This blog has been designed to en kindle the enthusiasm of science in students.
"Beleive in yourself and all that you know that there is something inside you that is greater than any obstacle." ---Christian D. Larson
1994 was the year that federally mandated low-flow showerheads, faucets, and toilets started to appear on the scene in significant numbers.
On average, 10 gallons per day of your water footprint (or 14% of your indoor use) is lost to leaks. Short of installing new water-efficient fixtures, one of the easiest, most effective ways to cut your footprint is by repairing leaky faucets and toilets.
If you use a low-flow showerhead, you can save 15 gallons of water during a 10-minute shower.
Every time you shave minutes off your use of hot water, you also save energy and keep dollars in your pocket.
It takes about 70 gallons of water to fill a bathtub, so showers are generally the more water-efficient way to bathe.
All of those flushes can add up to nearly 20 gallons a day down the toilet. If you still have a standard toilet, which uses close to 3.5 gallons a flush, you can save by retrofitting or filling your tank with something that will displace some of that water, such as a brick.
Most front-loading machines are energy- and water-efficient, using just over 20 gallons a load, while most top-loading machines, unless they are energy-efficient, use 40 gallons per load.
Nearly 22% of indoor home water use comes from doing laundry. Save water by making sure to adjust the settings on your machine to the proper load size.
Dishwashing is a relatively small part of your water footprint—less than 2% of indoor use—but there are always ways to conserve. Using a machine is actually more water efficient than hand washing, especially if you run full loads.
Energy Star dishwashers use about 4 gallons of water per load, and even standard machines use only about 6 gallons. Hand washing generally uses about 20 gallons of water each time.
Yards and Pools
Nearly 60% of a person's household water footprint can go toward lawn and garden maintenance.
Climate counts—where you live plays a role in how much water you use, especially when it comes to tending to a yard.
The average pool takes 22,000 gallons of water to fill, and if you don't cover it, hundreds of gallons of water per month can be lost due to evaporation.
The water it takes to produce the average American diet alone—approximately 1,000 gallons per person per day—is more than the global average water footprint of 900 gallons per person per day for diet, household use, transportation, energy, and the consumption of material goods.
That quarter pounder is worth more than 30 average American showers. One of the easiest ways to slim your water footprint is to eat less meat and dairy. Another way is to choose grass-fed, rather than grain-fed, since it can take a lot of water to grow corn and other feed crops.
A serving of poultry costs about 90 gallons of water to produce. There are also water costs embedded in the transportation of food (gasoline costs water to make). So, consider how far your food has to travel, and buy local to cut your water footprint.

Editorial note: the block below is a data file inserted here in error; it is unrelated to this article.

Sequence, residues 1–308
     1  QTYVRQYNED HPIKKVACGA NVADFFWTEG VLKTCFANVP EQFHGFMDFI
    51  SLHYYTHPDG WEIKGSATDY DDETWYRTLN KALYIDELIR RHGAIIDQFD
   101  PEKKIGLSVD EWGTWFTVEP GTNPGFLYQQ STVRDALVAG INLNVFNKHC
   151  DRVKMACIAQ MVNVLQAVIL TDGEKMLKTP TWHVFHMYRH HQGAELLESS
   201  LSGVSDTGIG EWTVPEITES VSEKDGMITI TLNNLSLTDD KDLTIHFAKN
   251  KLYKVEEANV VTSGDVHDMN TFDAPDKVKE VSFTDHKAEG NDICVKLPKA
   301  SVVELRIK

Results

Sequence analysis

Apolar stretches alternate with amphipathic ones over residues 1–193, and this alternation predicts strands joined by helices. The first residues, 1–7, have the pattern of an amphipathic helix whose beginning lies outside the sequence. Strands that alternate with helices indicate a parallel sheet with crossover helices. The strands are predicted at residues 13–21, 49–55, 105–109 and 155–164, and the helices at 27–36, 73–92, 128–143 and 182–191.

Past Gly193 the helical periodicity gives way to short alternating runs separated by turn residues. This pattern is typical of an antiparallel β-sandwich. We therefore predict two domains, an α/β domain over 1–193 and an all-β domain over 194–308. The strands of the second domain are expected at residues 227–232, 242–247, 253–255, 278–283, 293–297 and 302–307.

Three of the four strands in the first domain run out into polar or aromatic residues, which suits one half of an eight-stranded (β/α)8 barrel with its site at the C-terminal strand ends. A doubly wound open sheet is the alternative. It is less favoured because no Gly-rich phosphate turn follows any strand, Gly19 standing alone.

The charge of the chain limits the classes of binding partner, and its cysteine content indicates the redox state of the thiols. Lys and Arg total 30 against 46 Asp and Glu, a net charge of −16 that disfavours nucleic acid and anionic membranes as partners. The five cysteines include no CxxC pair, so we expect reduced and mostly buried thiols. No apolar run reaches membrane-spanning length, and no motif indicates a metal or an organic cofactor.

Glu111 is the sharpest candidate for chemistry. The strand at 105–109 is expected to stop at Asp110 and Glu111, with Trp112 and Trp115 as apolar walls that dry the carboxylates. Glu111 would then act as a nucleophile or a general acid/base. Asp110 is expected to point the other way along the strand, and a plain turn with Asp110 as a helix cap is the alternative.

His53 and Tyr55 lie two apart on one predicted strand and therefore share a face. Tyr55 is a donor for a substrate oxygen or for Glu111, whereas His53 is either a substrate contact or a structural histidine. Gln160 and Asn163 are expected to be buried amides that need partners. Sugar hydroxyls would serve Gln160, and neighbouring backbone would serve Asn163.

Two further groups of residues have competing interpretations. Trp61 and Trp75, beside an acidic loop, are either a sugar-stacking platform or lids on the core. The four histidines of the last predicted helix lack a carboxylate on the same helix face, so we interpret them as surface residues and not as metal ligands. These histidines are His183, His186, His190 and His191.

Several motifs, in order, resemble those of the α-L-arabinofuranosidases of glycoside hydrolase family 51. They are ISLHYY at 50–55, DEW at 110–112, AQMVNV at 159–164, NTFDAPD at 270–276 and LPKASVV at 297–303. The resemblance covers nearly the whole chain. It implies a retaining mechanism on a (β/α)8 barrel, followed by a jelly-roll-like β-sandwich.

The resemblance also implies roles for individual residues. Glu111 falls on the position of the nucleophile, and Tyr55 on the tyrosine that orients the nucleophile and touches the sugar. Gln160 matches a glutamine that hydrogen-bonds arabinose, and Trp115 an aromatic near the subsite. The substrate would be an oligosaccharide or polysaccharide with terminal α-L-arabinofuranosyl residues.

Pork costs water to produce, and traditional pork production—to make your sausage, bacon, and chops—has also been the cause of some water pollution, as pig waste runs into local water sources.
On average, a vegan, a person who doesn't eat meat or dairy, indirectly consumes nearly 600 gallons of water per day less than a person who eats the average American diet.
A cup of coffee takes 55 gallons of water to make, with most of that H2O used to grow the coffee beans.
Electricity, Fuel Economy, and Airline Travel
The water footprint of your per-day electricity use is based on state averages. If you use alternative energies such as wind and solar, your footprint could be less. (The use of biofuels, however, if they are heavily irrigated, could be another story.) You would also get points, or a footprint reduction, for using energy-star appliances and taking other energy-efficiency measures.
Washing a car uses about 150 gallons of water, so by washing less frequently you can cut back your water use.
A gallon of gasoline takes nearly 13 gallons of water to produce. Combine your errands, car pool to work, or take public transportation to reduce both your energy and water use.
Flying from Los Angeles to San Francisco, about 700 miles round-trip, could cost you more than 9,000 gallons of water, or enough for almost 2,000 average dishwasher loads.
A cross-country airplane trip (about 6,000 miles) could be worth more than 1,700 standard toilet flushes.
Traveling from Chicago to Istanbul is just about 10,000 miles round trip, costing enough water to run electricity in the average American home for one person for more than five years.
Industry—Apparel, Home Furnishings, Electronics, and Paper
According to recent reports, nearly 5% of all U.S. water withdrawals are used to fuel industry and the production of many of the material goods we stock up on weekly, monthly, and yearly.
It takes about 100 gallons of water to grow and process a single pound of cotton, and the average American goes through about 35 pounds of new cotton material each year. Do you really need that additional T-shirt?
One of the best ways to conserve water is to buy recycled goods, and to recycle your stuff when you’re done with it. Or, stick to buying only what you really need.
The water required to create your laptop could wash nearly 70 loads of laundry in a standard machine.
Recycling a pound of paper, less than the weight of your average newspaper, saves about 3.5 gallons of water. Buying recycled paper products saves water too, as it takes about six gallons of water to produce a dollar worth of paper.